Princer sums: Robson Green, Tara Fitzgerald and Rupert Penry-Jones in The Student Prince

The Student Prince 880, Sat 29 Nov, 8.55 pm.

A fair-haired young prince who’s hesitant in his love affairs, has a penchant for amateur dramatics, and is a personal friend of Andrew Lloyd Webber?

Naturally there are no similarities intended between the eponymous hero of BBCl's romantic comedy-drama The Student Prince and any real-life royal Well so its makers would have us believe, though up-and-coming actor Rupert Penry-Jones, who plays the bashful heir to the throne in the 90- minute Screen One film, admits that he

did study hours of royal videos to get a taste of the way members of the country's most famous famin behaved.

’ObViously, there are shades of certain real-life princes in the story,’ he says 'But it's not based on anyOne in partiCLilar, and I tried hard to make my character someone new, a man in his own .ignt '

Penry-lones is Joined by two of the starriest and busiest names in the busmess, Robson Green and Tara Fitzgerald, in aVi/ald-Vv'l'llllllg writer Lee Hall's Winnineg sentimental slice of escapism, that's less of a ro/al skit and more a 1990s take on Cyrano De Bergerac.

Green plays the working-class bodyguard who is appomted to shadow Penry-lones's yOung British

prince when he jOlnS the ranks of

students at Cambridge 8th Green

soon finds his duties extending

beyond personal safety when the prince becomes hopelessly infatuated ‘v'.lill a beautiful Fulbright scholar tFitzgeraldl

Lee Hall admits that the initial inspiration for his first TV screenplay ste'nmed "cm a rur“ that Pence Edward's bodyguard attended so many lectures during the rOyal student's stint at Cambridge, that he’d effectively completed a degree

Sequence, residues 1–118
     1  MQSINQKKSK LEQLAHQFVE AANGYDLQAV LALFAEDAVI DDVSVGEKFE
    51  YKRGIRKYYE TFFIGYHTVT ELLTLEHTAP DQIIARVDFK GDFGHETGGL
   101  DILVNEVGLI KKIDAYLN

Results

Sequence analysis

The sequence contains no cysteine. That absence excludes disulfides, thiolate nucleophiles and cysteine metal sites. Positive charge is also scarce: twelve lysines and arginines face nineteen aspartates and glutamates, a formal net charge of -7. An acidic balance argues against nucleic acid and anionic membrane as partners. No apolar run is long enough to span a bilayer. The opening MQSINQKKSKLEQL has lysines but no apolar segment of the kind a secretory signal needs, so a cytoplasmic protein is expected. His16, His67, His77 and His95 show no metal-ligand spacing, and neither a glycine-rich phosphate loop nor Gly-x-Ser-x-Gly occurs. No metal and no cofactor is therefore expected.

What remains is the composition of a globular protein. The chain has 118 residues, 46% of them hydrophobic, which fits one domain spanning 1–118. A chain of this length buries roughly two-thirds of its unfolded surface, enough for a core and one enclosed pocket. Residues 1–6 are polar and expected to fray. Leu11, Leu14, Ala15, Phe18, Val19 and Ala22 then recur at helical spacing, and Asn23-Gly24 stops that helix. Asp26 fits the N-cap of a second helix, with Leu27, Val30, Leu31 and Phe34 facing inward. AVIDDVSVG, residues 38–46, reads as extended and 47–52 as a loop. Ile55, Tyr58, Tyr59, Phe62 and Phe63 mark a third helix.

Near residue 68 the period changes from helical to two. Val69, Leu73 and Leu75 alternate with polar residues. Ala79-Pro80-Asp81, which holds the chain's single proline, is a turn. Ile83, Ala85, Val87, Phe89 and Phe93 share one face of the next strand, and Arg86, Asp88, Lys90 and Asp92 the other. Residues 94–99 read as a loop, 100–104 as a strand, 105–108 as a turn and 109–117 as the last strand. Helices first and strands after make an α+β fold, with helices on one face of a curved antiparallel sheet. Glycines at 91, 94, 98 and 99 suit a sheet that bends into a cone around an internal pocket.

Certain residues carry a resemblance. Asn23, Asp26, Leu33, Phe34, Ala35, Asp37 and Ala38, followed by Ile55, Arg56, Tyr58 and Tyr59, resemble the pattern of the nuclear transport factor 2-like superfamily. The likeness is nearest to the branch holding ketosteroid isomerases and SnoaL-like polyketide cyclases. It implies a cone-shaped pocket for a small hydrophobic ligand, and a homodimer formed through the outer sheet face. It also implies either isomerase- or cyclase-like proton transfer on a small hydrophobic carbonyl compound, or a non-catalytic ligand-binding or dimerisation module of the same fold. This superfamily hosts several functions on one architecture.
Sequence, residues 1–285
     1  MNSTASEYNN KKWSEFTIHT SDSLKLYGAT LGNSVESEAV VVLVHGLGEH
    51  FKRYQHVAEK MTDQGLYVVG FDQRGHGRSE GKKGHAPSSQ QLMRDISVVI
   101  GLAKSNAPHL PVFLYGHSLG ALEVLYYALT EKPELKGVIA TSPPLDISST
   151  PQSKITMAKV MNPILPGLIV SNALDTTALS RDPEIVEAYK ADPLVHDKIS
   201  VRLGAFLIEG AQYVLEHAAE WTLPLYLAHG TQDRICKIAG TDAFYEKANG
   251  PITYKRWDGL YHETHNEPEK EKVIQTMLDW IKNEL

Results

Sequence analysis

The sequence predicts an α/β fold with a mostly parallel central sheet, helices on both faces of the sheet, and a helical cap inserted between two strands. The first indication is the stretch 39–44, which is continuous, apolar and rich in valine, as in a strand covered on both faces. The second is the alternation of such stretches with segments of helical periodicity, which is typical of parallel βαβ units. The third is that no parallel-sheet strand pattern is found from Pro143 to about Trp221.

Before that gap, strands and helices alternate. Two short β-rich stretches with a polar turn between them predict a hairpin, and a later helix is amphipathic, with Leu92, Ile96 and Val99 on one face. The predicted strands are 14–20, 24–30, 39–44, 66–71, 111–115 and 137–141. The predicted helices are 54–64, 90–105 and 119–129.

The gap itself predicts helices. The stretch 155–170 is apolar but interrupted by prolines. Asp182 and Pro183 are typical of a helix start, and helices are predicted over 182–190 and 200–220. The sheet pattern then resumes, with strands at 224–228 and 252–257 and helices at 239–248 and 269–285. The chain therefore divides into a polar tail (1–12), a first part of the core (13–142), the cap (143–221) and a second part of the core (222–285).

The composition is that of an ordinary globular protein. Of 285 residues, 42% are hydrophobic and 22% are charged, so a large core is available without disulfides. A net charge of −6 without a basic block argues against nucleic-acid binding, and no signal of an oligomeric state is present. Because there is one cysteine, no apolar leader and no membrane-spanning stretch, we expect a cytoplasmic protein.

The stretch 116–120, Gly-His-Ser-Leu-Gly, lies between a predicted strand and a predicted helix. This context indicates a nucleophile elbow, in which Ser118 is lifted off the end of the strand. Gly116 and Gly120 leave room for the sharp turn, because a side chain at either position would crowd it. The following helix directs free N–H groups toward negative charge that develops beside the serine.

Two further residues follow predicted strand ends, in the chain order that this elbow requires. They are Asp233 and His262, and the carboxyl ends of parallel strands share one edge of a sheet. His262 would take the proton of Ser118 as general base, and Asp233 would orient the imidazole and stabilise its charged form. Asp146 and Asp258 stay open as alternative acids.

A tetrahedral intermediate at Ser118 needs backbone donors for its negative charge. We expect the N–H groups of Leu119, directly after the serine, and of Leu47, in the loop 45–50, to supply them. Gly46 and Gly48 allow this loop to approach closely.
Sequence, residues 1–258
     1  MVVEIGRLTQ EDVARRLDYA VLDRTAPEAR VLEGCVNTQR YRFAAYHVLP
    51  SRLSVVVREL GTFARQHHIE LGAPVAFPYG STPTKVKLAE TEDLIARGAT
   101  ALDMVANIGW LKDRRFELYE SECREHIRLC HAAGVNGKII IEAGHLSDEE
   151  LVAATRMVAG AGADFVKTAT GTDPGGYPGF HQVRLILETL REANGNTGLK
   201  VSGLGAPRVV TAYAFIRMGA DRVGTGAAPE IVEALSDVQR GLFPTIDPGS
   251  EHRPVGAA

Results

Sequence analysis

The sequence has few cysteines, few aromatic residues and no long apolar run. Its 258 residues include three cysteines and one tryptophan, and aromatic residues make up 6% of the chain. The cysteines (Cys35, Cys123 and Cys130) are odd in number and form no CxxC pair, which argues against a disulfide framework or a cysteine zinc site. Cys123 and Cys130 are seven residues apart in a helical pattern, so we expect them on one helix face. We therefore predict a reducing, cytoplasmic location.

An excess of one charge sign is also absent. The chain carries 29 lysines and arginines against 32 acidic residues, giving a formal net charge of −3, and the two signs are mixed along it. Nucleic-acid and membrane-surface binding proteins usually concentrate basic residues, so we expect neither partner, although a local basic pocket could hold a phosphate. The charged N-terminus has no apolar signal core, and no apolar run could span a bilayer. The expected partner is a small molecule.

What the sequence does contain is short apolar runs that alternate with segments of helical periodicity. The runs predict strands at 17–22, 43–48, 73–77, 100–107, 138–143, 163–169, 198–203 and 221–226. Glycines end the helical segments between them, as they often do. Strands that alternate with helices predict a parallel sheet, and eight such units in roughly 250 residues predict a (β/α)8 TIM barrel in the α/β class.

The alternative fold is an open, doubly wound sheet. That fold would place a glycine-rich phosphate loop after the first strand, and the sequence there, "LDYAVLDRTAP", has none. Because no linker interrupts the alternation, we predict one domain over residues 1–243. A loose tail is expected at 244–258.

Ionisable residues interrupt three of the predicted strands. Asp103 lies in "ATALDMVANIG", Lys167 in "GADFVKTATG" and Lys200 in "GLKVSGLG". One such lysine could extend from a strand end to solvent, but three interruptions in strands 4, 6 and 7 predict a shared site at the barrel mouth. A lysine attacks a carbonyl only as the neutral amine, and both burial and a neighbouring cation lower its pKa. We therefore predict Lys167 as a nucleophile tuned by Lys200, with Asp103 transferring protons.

‘l've no idea if any of that is remotely true, but it seemed an amusing premise and I've woven that scenario into the scnpt,’ says Hall

After recent tragic events, of course, it was thought that the film's autumn transmission would be Jeopardised, and that several script changes would have to be made

'ln the end, One reference to the Princess Of Wales was throne. Out, and the tztle ‘.'.as changed, from Prince Of Hearts to The Student Pnnce,’ says producer Michael Daibon ‘The effect circumstances had on the production was very small ' tRob Driscolll

pzazz, while Elliott’s minions crack on with the business of designing costumes and constructing sets. But with so many frocks, props and people - not to mention egos - flying around, it ain’t gonna be plain sailing and the celebs’ demands are getting bigger and more ludicrous.

Meanwhile, Elliott comes on like a big kid masterminding other bairns’ dreams. Only it’s a fantasyland where bucks are the bottom line - last year E & B raked in the princely : sum of £8 million.

Definitely more entertaining than two hours of Stanley Baxter in a frock, but the crew aren’t out to shatter the edifice of our great British institution. 'lt’s not a serious expose, partly because it is such a tight, rigorously run ship,’ says Pantoland producer Chris Hunt.

Come on though guys, surely cat- fighting and dressing room hopping were rife in the land of panto. ’The stories are legion but sadly they were too sensible to get up to anything when we were around,’ complains Hunt. one, two, three, aaahhh. (Claire Prentice)

Frosty looks: Britt Ekland as the Wicked Queen in Snow White for Channel 4's Pantoland

21 Nov—«1 Dec 1997 THELIST107